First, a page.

KARACHI: “I had this thought that we hear a lot of eastern-western fusion in music but we never hear any cross ethnic eastern-eastern fusion, like a Punjabi and a Balochi musician playing together,” musician Hamza Jafri told The Express Tribune. He feels cross-ethnic music is unexplored in Pakistan, and has, thus, come up with a new project, ‘Braadri Broadcast’. The project will see Pakistani artists from 10 different language-speaking backgrounds come together to create fusion music. The former co-VEN band front man started the project five months ago, gathering artists from diverse backgrounds.
“I felt that we were not thinking along those lines. In our society, we live in segregated communities and colonies so we don’t mix a lot, despite living in a diverse multicultural society,” Jaffri added. “So, I thought it was a good idea to get the communities to mix their art and music to create a cross-ethnic fusion.”
Jafri currently runs MAD School alongside his wife Nida Butt. The school, in collaboration with Karachi Youth Initiative, helped build the base for Braadri Broadcast. Jafri reached out to everyone he knew to get artists on board. “We just asked the musicians and our circle about their ethnicities and came to know they come from different backgrounds,” he mentioned.
While some of the musicians are professional artists, others are trying to establish themselves in the field. “There are some artists who haven’t broken into the commercial scene but through this project, we want to introduce them as well.”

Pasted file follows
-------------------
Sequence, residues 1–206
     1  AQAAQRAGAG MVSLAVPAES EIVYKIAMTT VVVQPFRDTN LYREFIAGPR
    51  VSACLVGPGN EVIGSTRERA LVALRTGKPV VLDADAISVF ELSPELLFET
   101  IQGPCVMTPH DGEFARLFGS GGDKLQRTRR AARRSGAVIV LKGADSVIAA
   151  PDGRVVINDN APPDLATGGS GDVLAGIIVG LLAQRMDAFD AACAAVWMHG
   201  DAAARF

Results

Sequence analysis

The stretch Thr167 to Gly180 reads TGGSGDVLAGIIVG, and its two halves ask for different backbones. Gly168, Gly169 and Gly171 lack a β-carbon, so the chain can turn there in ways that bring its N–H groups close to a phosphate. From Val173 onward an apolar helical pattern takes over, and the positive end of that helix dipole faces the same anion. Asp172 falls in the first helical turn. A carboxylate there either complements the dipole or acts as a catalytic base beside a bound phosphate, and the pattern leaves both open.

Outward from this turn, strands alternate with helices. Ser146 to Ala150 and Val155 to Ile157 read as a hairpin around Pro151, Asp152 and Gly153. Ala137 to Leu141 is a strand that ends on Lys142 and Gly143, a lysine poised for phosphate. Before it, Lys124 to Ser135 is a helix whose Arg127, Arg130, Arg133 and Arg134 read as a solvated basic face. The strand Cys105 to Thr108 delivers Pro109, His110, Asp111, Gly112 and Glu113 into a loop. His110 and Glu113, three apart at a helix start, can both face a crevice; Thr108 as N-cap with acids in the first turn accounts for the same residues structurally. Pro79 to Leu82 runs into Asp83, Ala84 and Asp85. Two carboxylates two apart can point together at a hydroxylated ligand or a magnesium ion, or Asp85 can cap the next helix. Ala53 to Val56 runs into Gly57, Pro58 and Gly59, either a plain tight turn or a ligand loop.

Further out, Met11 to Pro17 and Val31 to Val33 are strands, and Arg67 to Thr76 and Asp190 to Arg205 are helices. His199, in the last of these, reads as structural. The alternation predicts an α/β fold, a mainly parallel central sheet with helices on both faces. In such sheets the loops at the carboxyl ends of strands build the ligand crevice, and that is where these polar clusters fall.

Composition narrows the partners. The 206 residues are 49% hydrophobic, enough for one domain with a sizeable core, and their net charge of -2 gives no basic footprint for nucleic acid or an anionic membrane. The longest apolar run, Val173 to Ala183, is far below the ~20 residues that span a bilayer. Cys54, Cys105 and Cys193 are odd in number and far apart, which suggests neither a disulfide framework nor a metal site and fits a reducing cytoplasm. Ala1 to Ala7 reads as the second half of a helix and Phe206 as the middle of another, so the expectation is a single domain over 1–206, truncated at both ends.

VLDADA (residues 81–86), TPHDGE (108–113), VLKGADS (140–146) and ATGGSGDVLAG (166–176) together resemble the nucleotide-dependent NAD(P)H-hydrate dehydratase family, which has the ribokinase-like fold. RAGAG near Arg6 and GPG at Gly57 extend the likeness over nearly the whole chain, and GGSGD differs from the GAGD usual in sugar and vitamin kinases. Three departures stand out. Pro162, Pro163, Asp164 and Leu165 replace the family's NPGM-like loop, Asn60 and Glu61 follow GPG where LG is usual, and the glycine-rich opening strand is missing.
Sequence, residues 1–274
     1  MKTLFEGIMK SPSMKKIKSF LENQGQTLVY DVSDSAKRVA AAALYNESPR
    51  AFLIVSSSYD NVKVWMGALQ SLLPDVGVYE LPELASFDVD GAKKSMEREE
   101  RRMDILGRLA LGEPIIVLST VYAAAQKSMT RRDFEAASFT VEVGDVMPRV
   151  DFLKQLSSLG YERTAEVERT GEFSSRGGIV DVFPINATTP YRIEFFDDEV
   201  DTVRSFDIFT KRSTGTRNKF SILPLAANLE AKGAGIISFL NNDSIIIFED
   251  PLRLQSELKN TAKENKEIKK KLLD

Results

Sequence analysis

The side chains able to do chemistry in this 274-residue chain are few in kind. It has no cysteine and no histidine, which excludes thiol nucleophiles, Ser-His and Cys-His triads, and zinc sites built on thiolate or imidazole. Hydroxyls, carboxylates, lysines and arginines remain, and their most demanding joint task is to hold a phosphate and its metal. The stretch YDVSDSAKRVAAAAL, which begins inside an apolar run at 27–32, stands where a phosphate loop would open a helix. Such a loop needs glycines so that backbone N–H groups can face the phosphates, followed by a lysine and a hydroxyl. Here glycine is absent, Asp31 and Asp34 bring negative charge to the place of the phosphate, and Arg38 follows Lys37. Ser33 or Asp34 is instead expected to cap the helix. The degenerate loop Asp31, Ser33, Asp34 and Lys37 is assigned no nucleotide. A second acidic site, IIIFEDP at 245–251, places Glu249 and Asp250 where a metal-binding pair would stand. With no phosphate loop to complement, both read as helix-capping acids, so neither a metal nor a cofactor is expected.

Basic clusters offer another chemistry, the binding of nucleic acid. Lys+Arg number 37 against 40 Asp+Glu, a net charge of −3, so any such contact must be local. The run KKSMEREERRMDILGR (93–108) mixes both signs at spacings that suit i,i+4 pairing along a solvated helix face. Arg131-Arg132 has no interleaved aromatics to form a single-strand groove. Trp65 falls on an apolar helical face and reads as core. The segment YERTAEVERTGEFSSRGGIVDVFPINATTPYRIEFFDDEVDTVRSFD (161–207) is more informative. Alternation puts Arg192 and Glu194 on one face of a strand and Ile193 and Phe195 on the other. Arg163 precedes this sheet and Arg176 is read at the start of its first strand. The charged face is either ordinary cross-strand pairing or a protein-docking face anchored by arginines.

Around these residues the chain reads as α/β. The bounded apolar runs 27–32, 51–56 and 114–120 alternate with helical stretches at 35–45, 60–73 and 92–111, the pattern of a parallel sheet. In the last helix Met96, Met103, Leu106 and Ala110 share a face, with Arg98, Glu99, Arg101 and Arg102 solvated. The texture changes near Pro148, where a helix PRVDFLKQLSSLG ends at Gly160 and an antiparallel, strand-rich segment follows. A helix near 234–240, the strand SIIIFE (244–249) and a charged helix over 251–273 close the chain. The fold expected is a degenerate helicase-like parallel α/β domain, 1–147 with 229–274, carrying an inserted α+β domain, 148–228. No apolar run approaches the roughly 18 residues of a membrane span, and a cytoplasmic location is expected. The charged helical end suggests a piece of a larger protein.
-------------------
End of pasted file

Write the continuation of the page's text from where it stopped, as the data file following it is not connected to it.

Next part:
Apart from a total of 34 musicians and singers on board, Jafri set out to find poets who could write in 10 languages, which are Sindhi, Balochi, Punjabi, Pashto, Saraiki, Shina, Burushaski, Marwari, Hindko and Urdu. “There’s a poets’ society in Karachi called Pakistan Academy of Letters and they helped us get in touch with a lot of poets. Our composer Akram Khan and Tehzeeb Foundation’s Sharif Awan also helped us a lot.”
Five months of work and the team has recorded and filmed 10 original tracks, all duets between two different ethnic styles. Jafri revealed all the songs are about unity and love. “The whole idea about getting the communities to fuse their art has to also do with creating harmony. So, our poetry is also all about unity, oneness, love, brotherhood and Sufism. It’s a vast spectrum, which is great because then you don’t have all the songs sound similar.”
The team has completely omitted the western and electronic style to bring focus to ethnic music. “One song, Karma wale, is a fusion between Urdu ghazal and Punjabi folk. Another one, Tum Bin, a love song, is a mix of Marwari and Urdu. It’s about an Urdu-speaking girl and a Marwari boy, whose cultures and languages are different and they can’t understand each other but despite all, they have a connection and they believe their love is true.”
While Jafri doesn’t have a television deal in place yet, he is set to release the first track online on November 28, and then release one track weekly. He enthusiastically adds that he wants to continue this project. “Hopefully, when we do the next season, we will expand. I want to keep this going because I have had so much fun doing it. We have 10 languages now but there are 10 more languages that we would like to work on.”
Published in The Express Tribune, November 21st, 2016.